The trailers have me excited for this new live-action remake, which I haven’t actually seen as of writing this review. I was excited to have the chance to theme a story time around the story.  This book was a decent length for my young audience and told the story in a different way than did the 90s cartoon. This story centers the story of Aladdin on Genie, on Genie’s experience of being trapped in the lamp for millennia, occasionally emerging to grant wishes for wealth or power or fame to greedy masters, on his meeting Aladdin, a new master without that creepy look in his eyes, whom Genie instantly likes and grows to like more and more until they actually call one another friends. The message of friendship being the ultimate prize, the greatest thing to be wished for, and the best wish to grant is heartwarming. The perspective is fresh. The text is sweet without being saccharine, funny without being corny.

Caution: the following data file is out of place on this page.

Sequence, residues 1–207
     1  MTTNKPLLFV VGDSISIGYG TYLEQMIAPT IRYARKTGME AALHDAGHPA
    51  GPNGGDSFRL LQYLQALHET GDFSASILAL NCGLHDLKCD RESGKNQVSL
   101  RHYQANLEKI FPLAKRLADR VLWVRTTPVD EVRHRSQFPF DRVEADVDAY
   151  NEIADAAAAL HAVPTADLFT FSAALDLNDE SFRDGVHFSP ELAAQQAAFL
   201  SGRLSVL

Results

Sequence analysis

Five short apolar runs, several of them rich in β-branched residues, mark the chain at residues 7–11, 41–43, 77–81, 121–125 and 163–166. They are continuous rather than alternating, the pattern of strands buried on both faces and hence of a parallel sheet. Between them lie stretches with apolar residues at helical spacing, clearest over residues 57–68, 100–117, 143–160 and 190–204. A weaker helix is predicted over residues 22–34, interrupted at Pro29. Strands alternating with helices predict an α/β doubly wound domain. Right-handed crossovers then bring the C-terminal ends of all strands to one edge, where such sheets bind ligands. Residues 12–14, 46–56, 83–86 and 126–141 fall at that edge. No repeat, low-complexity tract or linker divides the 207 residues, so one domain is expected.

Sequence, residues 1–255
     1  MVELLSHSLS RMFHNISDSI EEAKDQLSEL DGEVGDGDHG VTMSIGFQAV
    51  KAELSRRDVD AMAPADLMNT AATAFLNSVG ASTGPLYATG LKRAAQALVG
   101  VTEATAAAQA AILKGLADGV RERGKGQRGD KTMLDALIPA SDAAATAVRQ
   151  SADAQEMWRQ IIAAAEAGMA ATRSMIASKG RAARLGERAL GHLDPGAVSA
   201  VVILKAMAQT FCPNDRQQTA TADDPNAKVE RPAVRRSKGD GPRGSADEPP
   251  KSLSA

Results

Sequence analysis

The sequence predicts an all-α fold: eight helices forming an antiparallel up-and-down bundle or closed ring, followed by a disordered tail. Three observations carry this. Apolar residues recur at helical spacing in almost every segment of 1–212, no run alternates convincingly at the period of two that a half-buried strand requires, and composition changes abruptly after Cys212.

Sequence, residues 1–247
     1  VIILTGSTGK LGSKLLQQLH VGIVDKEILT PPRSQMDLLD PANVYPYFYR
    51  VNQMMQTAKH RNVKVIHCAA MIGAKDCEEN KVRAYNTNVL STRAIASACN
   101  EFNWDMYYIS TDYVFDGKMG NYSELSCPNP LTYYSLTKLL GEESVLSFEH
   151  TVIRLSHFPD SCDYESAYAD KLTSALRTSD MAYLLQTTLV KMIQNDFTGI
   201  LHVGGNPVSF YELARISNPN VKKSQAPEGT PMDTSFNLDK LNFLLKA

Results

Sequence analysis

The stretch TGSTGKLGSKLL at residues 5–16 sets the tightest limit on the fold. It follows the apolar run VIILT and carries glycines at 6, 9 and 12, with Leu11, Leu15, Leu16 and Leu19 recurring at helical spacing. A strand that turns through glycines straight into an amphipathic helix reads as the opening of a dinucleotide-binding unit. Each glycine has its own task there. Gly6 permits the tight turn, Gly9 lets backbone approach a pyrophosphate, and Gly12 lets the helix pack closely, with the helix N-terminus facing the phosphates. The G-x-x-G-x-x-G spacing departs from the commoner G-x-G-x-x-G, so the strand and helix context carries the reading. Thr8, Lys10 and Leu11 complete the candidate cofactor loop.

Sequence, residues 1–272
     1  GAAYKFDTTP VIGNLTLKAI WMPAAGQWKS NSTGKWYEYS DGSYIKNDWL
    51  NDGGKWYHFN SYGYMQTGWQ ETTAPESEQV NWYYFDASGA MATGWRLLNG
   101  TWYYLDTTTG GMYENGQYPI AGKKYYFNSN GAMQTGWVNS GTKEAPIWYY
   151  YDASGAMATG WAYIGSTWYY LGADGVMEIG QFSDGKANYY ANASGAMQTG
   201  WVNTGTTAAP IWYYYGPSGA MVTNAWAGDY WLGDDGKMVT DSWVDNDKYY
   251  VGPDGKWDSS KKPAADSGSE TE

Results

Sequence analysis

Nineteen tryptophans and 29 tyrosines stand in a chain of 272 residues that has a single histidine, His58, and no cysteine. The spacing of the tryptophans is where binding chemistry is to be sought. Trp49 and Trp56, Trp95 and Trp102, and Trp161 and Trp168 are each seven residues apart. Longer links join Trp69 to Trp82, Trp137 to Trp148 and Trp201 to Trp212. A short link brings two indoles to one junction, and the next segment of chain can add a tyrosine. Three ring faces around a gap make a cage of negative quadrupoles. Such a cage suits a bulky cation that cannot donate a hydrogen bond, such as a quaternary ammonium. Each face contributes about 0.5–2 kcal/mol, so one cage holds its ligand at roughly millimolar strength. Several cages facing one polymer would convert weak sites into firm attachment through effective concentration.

****

 Click to visit the publisher's page for links to order, summary, sample pages, reviews, and author's bio.

High Five by Adam Rubin and illustrated by Daniel Salmieri. Dial-Penguin Random, 2019. Intended audience: Ages 3-5.

I… kind of expected better from the creators of Dragons Love Tacos and Dragons Love Tacos 2. As a note, I read this first to myself and then to a crowd of children, but always with the idea of reading it to a crowd and dreading reading it to a crowd. My fears proved unfounded. I feared that every kid would want to high five the page as required by the story. I had only one little friend who was willing to high five the pages, and I had to do so first the first few times that the book required before he wanted to join in the interactive fun. I think this book would be better one-on-one and one-on-one between a reader and a listening child with whom the reader already has a playful relationship.